…and not to mention the fact that tories are temperamentally inclined to follow the lead of anyone they see as a legitimate authority. hence botany nats happily voting for Hide the garrote inc. when given the wink. See also: Mt Albert and Melissa Lee.

            …basically you could have the whole selection committee bar one be locals and the head office candidate would always win.

            It’s the same reason they all clutch their pearls and pass around the smelling salts when someone engages in any sort of civil disobedience.

            “OMG, people aren’t doing as their told, why are they doing that? It’s not natural. Slippery slope, you’ll see, they’ll be fucking in the bushes next, you mark my words. It’s all a result of that music they listen too. Jungle rhythms, etc”

            It’d be tiresome if it wasn’t so funny.

          • Nick C

            “1 vote from the floor, which adds up to 4 votes out of an overall panel of 7”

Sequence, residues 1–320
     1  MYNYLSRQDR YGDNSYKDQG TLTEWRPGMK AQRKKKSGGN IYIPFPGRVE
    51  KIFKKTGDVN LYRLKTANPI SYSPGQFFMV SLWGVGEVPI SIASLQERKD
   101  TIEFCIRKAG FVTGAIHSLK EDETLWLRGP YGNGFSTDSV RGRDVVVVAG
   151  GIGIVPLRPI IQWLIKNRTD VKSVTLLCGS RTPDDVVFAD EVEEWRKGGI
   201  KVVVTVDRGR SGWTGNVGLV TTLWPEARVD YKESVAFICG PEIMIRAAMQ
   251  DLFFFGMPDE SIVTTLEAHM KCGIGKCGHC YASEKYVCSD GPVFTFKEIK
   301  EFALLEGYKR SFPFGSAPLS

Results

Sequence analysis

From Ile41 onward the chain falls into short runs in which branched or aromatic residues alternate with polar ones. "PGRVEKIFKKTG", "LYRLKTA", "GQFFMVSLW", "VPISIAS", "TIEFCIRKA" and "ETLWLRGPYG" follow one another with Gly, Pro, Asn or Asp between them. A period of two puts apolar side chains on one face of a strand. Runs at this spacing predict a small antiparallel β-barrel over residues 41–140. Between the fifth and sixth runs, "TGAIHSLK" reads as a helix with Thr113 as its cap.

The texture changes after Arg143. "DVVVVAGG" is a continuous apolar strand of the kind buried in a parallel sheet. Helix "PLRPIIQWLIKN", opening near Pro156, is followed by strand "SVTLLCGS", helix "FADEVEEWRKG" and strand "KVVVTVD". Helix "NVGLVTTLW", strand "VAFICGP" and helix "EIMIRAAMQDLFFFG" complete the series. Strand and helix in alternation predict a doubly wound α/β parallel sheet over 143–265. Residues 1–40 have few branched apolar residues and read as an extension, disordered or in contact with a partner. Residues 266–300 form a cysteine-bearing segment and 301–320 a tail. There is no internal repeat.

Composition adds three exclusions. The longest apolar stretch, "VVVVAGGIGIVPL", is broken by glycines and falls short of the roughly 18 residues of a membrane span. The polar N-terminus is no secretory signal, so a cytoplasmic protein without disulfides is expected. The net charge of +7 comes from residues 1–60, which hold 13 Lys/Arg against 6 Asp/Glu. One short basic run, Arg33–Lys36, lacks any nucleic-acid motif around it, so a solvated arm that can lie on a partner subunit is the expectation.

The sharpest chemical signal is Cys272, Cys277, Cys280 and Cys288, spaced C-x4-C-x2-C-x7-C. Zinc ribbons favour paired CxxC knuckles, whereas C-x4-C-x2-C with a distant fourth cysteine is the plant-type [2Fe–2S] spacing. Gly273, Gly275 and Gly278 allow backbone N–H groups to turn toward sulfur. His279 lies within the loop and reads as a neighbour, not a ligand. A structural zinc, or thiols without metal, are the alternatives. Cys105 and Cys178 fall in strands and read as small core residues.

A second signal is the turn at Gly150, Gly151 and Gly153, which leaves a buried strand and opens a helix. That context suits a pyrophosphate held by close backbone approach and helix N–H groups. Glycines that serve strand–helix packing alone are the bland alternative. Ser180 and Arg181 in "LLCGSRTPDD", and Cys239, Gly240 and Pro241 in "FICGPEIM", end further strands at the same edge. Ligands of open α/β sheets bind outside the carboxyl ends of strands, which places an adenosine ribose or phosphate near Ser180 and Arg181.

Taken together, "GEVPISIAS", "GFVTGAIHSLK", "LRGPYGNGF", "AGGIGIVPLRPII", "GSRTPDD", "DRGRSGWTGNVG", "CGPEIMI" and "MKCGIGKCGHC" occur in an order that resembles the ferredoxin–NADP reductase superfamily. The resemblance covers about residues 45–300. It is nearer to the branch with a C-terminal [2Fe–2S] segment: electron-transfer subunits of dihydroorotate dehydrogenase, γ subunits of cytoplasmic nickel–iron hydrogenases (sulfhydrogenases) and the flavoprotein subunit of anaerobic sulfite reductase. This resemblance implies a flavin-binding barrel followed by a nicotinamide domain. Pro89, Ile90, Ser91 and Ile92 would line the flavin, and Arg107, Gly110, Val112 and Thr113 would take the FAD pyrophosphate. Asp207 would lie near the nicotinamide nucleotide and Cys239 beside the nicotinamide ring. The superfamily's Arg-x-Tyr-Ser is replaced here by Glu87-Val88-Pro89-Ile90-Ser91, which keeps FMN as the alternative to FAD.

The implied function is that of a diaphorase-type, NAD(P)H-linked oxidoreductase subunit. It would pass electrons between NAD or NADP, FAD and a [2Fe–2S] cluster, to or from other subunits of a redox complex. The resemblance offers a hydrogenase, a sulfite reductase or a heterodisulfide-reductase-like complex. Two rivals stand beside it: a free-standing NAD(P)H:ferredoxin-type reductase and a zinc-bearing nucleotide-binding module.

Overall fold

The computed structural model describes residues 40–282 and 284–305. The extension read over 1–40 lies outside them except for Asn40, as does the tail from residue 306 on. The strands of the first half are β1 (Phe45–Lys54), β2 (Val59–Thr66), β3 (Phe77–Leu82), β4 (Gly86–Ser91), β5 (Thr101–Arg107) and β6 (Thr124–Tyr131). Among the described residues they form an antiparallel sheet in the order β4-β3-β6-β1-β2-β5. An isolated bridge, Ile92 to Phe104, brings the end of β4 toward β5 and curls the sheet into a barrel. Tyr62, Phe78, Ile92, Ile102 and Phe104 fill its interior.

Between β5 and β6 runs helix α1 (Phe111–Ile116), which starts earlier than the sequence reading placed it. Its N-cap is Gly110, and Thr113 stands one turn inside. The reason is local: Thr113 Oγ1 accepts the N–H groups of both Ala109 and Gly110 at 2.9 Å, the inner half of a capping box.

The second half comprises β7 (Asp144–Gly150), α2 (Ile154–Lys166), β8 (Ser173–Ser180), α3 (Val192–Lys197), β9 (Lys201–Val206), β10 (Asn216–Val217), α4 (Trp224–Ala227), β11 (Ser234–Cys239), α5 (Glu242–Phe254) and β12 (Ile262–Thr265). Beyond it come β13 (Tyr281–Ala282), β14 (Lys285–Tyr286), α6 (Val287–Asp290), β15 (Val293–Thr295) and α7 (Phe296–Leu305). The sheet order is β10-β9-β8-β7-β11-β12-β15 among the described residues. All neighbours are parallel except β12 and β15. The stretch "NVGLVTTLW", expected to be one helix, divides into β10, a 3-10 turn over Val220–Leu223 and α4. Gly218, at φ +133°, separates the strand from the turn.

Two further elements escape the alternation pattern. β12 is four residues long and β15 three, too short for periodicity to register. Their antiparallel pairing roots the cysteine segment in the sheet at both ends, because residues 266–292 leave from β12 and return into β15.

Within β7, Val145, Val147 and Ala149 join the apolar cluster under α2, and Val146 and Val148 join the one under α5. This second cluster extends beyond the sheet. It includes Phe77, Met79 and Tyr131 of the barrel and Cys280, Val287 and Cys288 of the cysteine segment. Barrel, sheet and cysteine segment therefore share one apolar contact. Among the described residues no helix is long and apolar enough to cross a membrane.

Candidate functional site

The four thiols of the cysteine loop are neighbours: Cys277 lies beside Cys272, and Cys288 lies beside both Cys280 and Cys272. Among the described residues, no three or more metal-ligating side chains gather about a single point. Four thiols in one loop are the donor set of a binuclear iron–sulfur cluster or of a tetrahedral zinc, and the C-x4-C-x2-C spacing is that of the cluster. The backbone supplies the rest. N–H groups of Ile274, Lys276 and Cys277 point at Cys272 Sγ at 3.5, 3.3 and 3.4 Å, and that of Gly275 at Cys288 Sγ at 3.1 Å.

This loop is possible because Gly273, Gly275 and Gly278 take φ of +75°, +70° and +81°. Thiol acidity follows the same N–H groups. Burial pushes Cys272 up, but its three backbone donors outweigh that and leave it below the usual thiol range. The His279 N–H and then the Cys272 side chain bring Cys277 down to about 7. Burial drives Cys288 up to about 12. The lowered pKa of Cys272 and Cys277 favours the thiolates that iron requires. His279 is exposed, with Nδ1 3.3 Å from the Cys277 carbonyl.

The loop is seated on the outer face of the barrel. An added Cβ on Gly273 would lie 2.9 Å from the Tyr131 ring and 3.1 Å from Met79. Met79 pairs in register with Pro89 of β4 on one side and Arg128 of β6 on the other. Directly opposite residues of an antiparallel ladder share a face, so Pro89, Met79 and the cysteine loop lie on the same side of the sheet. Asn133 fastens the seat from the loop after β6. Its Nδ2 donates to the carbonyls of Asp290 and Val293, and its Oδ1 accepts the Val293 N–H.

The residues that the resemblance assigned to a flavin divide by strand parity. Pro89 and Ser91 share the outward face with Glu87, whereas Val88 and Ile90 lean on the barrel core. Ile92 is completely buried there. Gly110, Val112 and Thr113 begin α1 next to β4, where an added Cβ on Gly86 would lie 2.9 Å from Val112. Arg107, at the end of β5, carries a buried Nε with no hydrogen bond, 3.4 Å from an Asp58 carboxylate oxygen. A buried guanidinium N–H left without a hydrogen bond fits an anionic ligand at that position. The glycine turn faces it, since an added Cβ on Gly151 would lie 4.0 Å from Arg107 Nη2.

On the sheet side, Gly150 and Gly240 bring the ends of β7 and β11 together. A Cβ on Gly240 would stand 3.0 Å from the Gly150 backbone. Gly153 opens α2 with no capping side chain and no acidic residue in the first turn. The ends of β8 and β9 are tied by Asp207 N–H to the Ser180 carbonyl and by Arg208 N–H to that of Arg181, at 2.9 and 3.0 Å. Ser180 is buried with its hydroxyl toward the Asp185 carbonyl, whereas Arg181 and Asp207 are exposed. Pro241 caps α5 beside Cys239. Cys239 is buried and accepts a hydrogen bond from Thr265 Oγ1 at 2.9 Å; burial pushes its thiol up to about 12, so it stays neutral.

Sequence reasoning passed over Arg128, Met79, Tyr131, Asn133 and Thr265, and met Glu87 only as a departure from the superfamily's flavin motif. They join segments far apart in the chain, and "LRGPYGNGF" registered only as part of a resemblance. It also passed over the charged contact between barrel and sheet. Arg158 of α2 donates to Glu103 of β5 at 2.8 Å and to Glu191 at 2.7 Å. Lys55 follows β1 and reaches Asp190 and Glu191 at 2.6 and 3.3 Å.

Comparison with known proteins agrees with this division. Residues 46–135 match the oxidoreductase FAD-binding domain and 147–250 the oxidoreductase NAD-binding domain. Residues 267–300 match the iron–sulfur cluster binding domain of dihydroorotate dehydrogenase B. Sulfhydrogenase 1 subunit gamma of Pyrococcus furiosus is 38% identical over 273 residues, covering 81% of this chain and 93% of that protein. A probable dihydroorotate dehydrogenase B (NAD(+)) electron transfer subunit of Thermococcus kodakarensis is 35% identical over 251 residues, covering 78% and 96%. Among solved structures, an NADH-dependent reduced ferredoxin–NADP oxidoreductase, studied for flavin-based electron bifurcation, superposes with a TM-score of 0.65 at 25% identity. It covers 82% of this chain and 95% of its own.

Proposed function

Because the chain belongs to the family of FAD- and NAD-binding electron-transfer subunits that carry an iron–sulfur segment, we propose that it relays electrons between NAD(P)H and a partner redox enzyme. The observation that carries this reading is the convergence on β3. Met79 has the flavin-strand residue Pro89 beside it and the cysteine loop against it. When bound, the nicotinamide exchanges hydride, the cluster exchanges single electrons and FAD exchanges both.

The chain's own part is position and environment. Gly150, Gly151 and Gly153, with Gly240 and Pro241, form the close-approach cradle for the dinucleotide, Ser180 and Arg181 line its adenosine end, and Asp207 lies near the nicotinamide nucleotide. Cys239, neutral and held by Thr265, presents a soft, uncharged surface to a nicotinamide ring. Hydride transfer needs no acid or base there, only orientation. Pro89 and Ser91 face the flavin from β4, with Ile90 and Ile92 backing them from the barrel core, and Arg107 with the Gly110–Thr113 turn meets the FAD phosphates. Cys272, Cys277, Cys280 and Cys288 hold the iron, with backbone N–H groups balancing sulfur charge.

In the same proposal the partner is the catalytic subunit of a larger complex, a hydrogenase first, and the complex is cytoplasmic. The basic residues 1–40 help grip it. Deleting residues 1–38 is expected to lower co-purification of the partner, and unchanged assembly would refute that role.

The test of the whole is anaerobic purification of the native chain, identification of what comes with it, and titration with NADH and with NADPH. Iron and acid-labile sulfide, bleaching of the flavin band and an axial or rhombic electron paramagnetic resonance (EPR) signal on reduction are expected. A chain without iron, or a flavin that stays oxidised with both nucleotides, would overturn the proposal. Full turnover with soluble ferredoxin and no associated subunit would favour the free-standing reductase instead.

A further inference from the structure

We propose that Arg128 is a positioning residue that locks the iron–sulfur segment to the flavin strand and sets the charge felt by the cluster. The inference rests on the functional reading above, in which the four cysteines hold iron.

Ha! And of those on the floor how many are union members shipped in from all over the place who barely know what a political party is and do what they are told by union bosses?

            If you’re in Mana for example, a lot: http://big-news.blogspot.com/2010/09/labour-party-member-confirms-faafoi.html

            • Peter

              “shipped in from all over the place”

              Again, this is laughable. Union members from the very few affiliated unions must live in the electorate. Not much point in shipping in people from outside if they can’t vote…

        • ghostwhowalksnz

          From May 2009

          Serious questions need to be asked about the level of democracy within the National party after internal party documents revealed that List MP Melissa Lee has already been named its Mt Albert candidate, Opposition Chief Whip Darren Hughes said today.
          “An embarrassing oversight has revealed John Key’s stitch up to have his preferred candidate win the candidacy just hours before the supposed ‘democratic’ selection is to take place,” Darren Hughes said.

          or this in Sept 2007